We often have students asking “how can I make my passion for music into a career?” Now as you can imagine this is a pretty broad question. There are so different paths that can lead you to this ultimate goal, but the million dollar question is what will work best for you.
‘Making It Happen’ is an interview series that focuses on locals that have managed to make music not only their passion but also their career. We hope that this allows you to see absolutely anything is possible with the right approach!
Over the past few decades, Little Fritter has managed to harness his talents as a DJ, Producer and Promoter with a career that started in the Gold Coast and took him all over the world. This is an interesting journey which includes starting a family, being asked by the W Hotel franchise to become their music director and having his tunes featured on the infamous Circoloco Ibiza Compilation.
More recently LF’s best mate Fisher from his home town in the Gold Coast has cracked the big time with his hit ‘Losing It’ and is taking him to play alongside him at some of the biggest house music events in the world.
So you recently played a 5000 capacity sold out show in LA with Fisher, and Chris Lake. How was the whole experience?
Yeah, that was wild and probably the best gig I’ve played… the energy in that room was on another level, the crowd was so locked into the music, the sound system, lighting everything was nailed so yeah it was really special and I’m so glad I got to be a part of it 🙂
You have been a staple in the Brisbane scene for as long as we can remember. What influenced you to start DJing, and how did you go about getting your first gig?
I got inspired by the DJ’s at under 18 disco party’s, I just loved how it was up to them to set the tone for the dance floor. That was something I instantly wanted to experience so I started getting DJ lessons when I was 17. I played my first proper gig a year later at an intimate rave on the sunshine coast and I got the gig through people id met in the scene. Networking, recording mixes and putting yourself in the right circles as much as possible is really the only way to get gigs when you start off.
One of the greatest things we like about following you on social media is seeing your light-hearted approach to life. How important is it to promote yourself as an artist, and what are your biggest do’s and don’ts in this area?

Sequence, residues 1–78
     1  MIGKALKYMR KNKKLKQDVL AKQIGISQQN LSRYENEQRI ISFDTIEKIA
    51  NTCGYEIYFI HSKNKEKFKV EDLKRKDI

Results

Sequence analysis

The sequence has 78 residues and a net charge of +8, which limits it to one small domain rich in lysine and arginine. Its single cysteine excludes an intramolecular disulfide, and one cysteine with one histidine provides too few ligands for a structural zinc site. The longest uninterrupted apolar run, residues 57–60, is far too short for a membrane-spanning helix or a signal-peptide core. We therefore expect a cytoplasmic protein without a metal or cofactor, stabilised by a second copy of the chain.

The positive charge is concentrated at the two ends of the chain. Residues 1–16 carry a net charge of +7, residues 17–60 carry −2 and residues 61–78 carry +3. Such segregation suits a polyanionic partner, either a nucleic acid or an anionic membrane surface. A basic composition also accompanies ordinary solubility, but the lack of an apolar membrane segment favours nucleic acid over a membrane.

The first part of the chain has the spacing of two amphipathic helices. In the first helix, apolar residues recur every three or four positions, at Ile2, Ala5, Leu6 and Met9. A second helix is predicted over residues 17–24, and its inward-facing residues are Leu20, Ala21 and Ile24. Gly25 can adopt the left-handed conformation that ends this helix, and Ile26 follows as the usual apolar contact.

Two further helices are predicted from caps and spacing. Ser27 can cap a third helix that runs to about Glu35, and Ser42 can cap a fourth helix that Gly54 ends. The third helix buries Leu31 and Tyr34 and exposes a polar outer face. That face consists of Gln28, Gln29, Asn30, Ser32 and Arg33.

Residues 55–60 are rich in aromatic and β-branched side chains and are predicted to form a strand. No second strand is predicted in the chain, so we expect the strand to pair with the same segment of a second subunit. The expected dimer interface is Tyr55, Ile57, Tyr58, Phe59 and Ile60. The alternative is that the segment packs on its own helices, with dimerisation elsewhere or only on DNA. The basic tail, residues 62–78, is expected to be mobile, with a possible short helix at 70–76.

Haha yeah, I like to keep things fruity at my end because that’s how I like to live, I’m not a super serious person and I enjoy sharing that with people. I think that’s the number one rule about promoting yourself. Don’t try to copy what others do, just be real, be 100% yourself because that’s what people want from you, honesty and confidence in who you are deep down.
You did take a break from touring Europe a few years back to start a family. How do you manage to balance your essentials with time in the studio?
It took me a while to find my groove again after the time off, but its important not to force things especially on a creative level. Once I had that buzz to get back in the studio again I made time for it, for sure its hard if your working loads and you can’t lock into lengthy sessions but as long as the buzz is inside you then it all happens naturally from there.
Any advice for beginners in music production that dream of having their music released on big labels?
Produce from the heart, have patience and be creative, try to think about how your sound can stick out from everyone else’s. Also, be a tough critic on yourself, if you think your tracks feel good but not great then maybe they aren’t yet. You can always learn from each track, so keep your head down. Getting honest feedback from people you look up to helps a lot also.
Any advice for beginners wanting to get their first gig or residency?
Make sure you’re 100% ready to go, music wise, confidence-wise, skill wise etc
Spend a lot of time around the scene doing your homework. Record a bunch of mixes and listen back, plus a big one is to be flexible when your playing, don’t go in with a pre-prepared set and stick to it regardless, crowds change, moods change so you have to always be spontaneous and ready to mix things up.
And to wrap this up today, we would love to know…. What is your favourite kind of Fritter?
I’m frothing the most when around like-minded people who are passionate about quality music and quality parties, whether it’s downtempo, disco, house or techno I don’t mind… if it’s thinking outside the box, exciting and fresh that’s what I’m all about!
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Do you want to start your journey to becoming an artist? Enter the draw to win a free lesson here – djlab.com.au/enter-now/
In this video Jay gives you an introduction to the spectrum. This is one of the most important tools in music production, and once understood